Meta Fined a Record $1.3 Billion by EU for Transferring User Data to U.S.
An Irish division of Meta was fined $1.3 billion for transferring EU-based users’ data to the United States, the largest penalty in the history of European data privacy law.
Meta Platforms Ireland Limited (Meta IE) was fined under the General Data Protection Regulation (GDPR), announced in a press release by the European Data Protection Board (EDPB). The fine was leveled on the grounds that the company keeps transferring EU citizens’ personal data to the U.S. in violation of privacy regulations.
“The EDPB found that Meta IE’s infringement is very serious since it concerns transfers that are systematic, repetitive and continuous,” EDPB Chair Andrea Jelinek said. “Facebook has millions of users in Europe, so the volume of personal data transferred is massive. The unprecedented fine is a strong signal to organisations that serious infringements have far-reaching consequences.”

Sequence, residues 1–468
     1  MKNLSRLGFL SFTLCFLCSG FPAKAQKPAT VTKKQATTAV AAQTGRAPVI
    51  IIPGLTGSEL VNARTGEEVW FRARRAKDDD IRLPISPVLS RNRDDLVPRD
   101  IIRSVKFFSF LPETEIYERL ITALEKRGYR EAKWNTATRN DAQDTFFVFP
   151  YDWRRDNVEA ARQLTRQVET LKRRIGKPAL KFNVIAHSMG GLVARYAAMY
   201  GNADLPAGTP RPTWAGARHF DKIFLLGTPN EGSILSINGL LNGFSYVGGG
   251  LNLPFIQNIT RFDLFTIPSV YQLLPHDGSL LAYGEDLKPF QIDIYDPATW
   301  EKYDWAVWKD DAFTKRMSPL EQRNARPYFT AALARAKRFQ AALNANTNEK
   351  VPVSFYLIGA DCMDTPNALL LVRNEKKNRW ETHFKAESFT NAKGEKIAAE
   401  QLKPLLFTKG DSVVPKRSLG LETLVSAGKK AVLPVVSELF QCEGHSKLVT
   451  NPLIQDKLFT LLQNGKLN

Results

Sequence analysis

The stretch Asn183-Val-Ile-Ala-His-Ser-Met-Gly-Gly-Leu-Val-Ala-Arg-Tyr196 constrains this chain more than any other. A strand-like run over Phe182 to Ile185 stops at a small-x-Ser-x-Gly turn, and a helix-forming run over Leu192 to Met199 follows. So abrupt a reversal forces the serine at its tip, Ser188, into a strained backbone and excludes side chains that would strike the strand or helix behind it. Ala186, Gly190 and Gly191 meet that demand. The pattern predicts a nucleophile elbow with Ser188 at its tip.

Beyond the monetary punishment, Meta has also been ordered to “bring processing operations into compliance with Chapter V GDPR, by ceasing the unlawful processing, including storage, in the U.S. of personal data of European users transferred in violation of the GDPR.”
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Meta announced it will appeal the ruling, arguing that the situation is not about its own corporate practices but rather, the gap between U.S. government data access rules and EU privacy rights.
“This decision is flawed, unjustified and sets a dangerous precedent for the countless other companies transferring data between the EU and US,” said the post, penned by Meta’s president of global affairs Nick Clegg.
Clegg’s post noted that “there will be no suspension of the transfers or other action required of Meta, such as a requirement to delete EU data subjects’ data once the underlying conflict of law has been resolved.” Citing the EU and U.S.’ Data Privacy Framework (DPF) agreement, Meta’s statement said that so long as the DPF comes into effect before the company is forced to comply with the EDPB’s orders, then there won’t be disruptions for EU Facebook users. What happens if the DPF doesn’t come into effect in time wasn’t explicitly outlined.
Meta did not respond to TheWrap’s request for comment.
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